New figures from the Central Statistics Office show house prices rose at their fastest rate in two years in March of this year.
Rents are also increasing across the country. Property website, Daft.ie, found that listed monthly rents rose in the first three months of the year.
Today's CSO's property price index shows that home prices rose nationally by 3.7% in the year to March.
In Dublin, the increase was 2.5% while outside Dublin prices rose by 4.9%.
In Dublin, houses rose by 2.8% while the price of apartments rose by 0.7%. Outside Dublin, house prices rose by 4.5% while apartments rose by 10.4%.
Prices in Dublin have now risen 97.8% from their trough in February 2012 while prices outside Dublin have risen by 90.2% from their May 2013 low point.
The price of new dwellings in the first three months of 2021 was up 2.5% compared to the first quarter of 2020. The price of existing dwellings rose by 3.3%.
The volume of transactions is also higher, today's CSO figures show.
There were 3,951 property purchases registered with Revenue in March. This was up 9.8% on an annual basis and up 23.3% on the number of properties registered in February.
Existing dwellings accounted for 86.3% of these properties. However, the volume of new dwelling purchases registered was down 17.5% on March 2020.
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In the year to March, 32.9% of dwellings were purchased by first time buyers, 53.4% were purchases by movers and 13.6% were "non-occupiers", which include investors and state authorities.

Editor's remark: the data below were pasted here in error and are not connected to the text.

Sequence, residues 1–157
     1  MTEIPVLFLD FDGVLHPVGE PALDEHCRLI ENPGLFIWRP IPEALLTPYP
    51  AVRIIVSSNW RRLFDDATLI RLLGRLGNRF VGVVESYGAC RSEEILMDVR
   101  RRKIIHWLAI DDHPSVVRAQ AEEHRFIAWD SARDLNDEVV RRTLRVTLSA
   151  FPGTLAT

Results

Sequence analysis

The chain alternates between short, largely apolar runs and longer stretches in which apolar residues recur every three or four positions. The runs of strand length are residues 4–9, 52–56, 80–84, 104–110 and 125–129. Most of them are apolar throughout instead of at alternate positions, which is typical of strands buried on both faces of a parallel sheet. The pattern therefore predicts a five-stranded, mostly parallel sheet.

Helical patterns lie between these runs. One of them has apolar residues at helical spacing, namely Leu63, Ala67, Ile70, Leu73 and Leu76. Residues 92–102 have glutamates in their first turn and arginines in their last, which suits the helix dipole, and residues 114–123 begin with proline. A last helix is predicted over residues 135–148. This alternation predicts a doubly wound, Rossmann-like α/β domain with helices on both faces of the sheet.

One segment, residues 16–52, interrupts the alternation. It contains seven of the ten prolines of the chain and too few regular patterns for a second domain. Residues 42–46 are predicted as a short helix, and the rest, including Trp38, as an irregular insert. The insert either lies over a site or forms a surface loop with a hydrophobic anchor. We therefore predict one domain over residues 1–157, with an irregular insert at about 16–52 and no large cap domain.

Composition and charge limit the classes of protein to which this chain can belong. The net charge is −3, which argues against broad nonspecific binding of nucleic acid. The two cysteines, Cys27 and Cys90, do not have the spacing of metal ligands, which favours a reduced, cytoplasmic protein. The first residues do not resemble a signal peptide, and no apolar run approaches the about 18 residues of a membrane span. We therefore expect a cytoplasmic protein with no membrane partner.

A total of 1,180 purchases were made by first time buyers in March of this year. This is a 2.5% decrease in the share of purchases by first time buyers compared to March 2020. They overwhelmingly bought second hand properties, accounting for 77% of purchases.
The median, or mid-point, price of dwellings nationally was €262,500. In Dublin, the median price was €390,000. In Dún Laoghaire Rathdown, the median price was €540,000.
Outside Dublin, the highest median price was in Wicklow at €358,000.
The county with the lowest median price was Longford at €113,750, today's CSO figures show.
Trevor Grant, the Chairperson of the Association of Irish Mortgage Advisors (AIMA), said today it would not be surprising to see an acceleration in price increases over the coming months, as restrictions lift around property viewings.
Mr Grant said there is a glut of homeseekers, particularly first time buyers, who have already secured mortgage approval and are waiting in the wings to purchase a home.
He noted that demand for property has been robust throughout the pandemic, and the number of first-time-buyers looking to own their own homes is at its highest in years.
But he said the stock of properties available for sale fell by approximately 40% over the past 12 months - a direct consequence of many homeowners being reluctant to sell in the middle of a pandemic, the restrictions on house viewings and new supply being frozen by restrictions on new building projects.
"Stock for sale is now at an all-time low across the country, which is applying pressure on house prices and will continue to do so over the coming months," Trevor Grant said.
"We really need the output of new homes to increase dramatically for the remainder of 2021 and well into 2022. Without a huge increase in the completion of new homes, we run the real risk of the increasing demand and poor supply driving house price inflation," he added.